Keybot – Serial Controllable Keyboard Interface

[john] sent in his uncles Keybot project. The device accepts input (a parallel port in this case) and generates standard keyboard output. It allows a computer to create its keyboard input for itself or another machine. Personally, I go for serial consoles, but it’s a good study of our old friend the keyboard. (If legos are more your thing, you could do something like this.)

13 thoughts on “Keybot – Serial Controllable Keyboard Interface

  1. I remember back in the day, there was a product that you’d put over your electric typewriter and it would turn it in to a printer. It was like this except that instead of making electrical connections, it actually used 40-odd solenoids to depress the individual keys!

  2. hmmm, this seems really interesting, as just a few months ago I was requested to rig a game to pause after 30 seconds, then restart. I thought about a micro sitting on the ps/2 line, but I wasn’t sure how hard that would be to create a passthrough.
    I ended up just soldering to the keyboard’s controller, as it only needed to press 3 buttons – esc, right, enter.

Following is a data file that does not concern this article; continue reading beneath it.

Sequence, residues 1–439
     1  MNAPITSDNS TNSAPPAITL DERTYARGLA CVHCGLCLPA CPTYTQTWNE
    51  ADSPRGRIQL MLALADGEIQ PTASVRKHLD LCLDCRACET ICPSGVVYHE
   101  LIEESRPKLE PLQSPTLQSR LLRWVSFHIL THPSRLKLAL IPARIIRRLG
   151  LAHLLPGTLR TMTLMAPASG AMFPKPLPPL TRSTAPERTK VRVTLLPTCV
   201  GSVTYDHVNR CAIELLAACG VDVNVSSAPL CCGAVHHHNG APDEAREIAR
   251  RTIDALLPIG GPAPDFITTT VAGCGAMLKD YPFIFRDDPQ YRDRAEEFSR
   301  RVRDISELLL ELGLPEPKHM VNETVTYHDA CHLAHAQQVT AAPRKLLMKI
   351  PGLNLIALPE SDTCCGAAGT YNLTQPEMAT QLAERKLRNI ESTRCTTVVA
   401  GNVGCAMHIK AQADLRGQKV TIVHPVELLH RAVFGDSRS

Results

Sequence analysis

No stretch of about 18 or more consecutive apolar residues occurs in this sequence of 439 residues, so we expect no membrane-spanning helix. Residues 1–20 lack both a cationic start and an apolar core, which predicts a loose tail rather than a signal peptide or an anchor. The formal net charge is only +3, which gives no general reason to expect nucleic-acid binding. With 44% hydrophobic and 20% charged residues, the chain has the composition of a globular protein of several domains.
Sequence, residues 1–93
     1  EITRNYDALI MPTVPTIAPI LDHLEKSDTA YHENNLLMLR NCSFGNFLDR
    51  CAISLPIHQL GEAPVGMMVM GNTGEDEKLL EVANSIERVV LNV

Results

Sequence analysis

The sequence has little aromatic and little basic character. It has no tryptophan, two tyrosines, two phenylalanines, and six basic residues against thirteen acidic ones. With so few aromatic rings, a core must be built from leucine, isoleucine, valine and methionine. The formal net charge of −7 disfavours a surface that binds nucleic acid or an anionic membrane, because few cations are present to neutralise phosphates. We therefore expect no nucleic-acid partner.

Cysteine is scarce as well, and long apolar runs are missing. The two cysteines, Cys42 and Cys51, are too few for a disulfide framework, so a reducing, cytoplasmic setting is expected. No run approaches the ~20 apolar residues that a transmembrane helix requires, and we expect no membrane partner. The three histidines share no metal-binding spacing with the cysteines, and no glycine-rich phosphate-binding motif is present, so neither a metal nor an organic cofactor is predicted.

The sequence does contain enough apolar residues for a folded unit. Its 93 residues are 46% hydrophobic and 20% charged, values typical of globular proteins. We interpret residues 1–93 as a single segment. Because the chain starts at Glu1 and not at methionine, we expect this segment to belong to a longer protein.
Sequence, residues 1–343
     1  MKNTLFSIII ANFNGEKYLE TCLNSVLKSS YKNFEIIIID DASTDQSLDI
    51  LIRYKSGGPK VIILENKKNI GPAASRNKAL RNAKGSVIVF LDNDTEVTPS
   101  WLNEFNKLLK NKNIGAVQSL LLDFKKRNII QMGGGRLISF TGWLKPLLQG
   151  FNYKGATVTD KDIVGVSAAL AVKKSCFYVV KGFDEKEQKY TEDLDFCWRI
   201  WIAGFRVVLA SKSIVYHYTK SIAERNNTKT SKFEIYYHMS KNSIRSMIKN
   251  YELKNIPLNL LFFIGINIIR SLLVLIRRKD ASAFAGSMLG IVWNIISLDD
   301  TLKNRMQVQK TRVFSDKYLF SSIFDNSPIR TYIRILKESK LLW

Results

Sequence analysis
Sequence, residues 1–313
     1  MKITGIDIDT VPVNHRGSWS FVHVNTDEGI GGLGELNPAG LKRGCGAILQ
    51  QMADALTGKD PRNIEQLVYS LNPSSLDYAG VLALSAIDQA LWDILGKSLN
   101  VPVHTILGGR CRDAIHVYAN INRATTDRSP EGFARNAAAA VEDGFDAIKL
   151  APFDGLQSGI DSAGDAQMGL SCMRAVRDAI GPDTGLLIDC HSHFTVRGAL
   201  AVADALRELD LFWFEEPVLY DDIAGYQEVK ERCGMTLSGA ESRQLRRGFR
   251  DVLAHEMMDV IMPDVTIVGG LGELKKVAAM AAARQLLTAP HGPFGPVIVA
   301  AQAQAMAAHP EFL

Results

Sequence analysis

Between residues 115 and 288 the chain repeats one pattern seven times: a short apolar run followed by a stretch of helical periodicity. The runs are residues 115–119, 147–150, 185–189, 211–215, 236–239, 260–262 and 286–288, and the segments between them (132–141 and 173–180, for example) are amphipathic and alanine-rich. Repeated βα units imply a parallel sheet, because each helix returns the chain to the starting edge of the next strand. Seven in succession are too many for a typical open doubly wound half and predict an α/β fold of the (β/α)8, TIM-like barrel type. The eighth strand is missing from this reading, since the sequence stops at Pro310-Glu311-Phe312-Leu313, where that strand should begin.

I used some small reed-relays connected to the parallel port.

    Maybe if my client wants it redone, i’ll look into using a microcontroller.

  3. So, you definitely did this the hard way… The REALLY hard way.

    If anyone else considers doing this, the easy way would be to buy one of any number of microcontroller demo boards that has both a USB and serial port.

    And relays? Seriously? Come on, dude, you can do better than that. :)

  4. One little detail: the ‘snubber’ diodes connected to the relays on the schematic diagram are reversed. The Cathode should be connected to the positive side and the anode to the transistor/darlington. Nice work!

  5. Cool. This reminds me of something similar, where a board with five switches rests at my feet. An arduino usb monitors and reports back to software the activities of the buttons, for doing various things – – it’s also nice bringing music controls outside the computer.

    Windows XP has a feature called “serialkeys” which turns serial data into keystrokes, this is useful for using a microcontroller / external switches to play FPS games.

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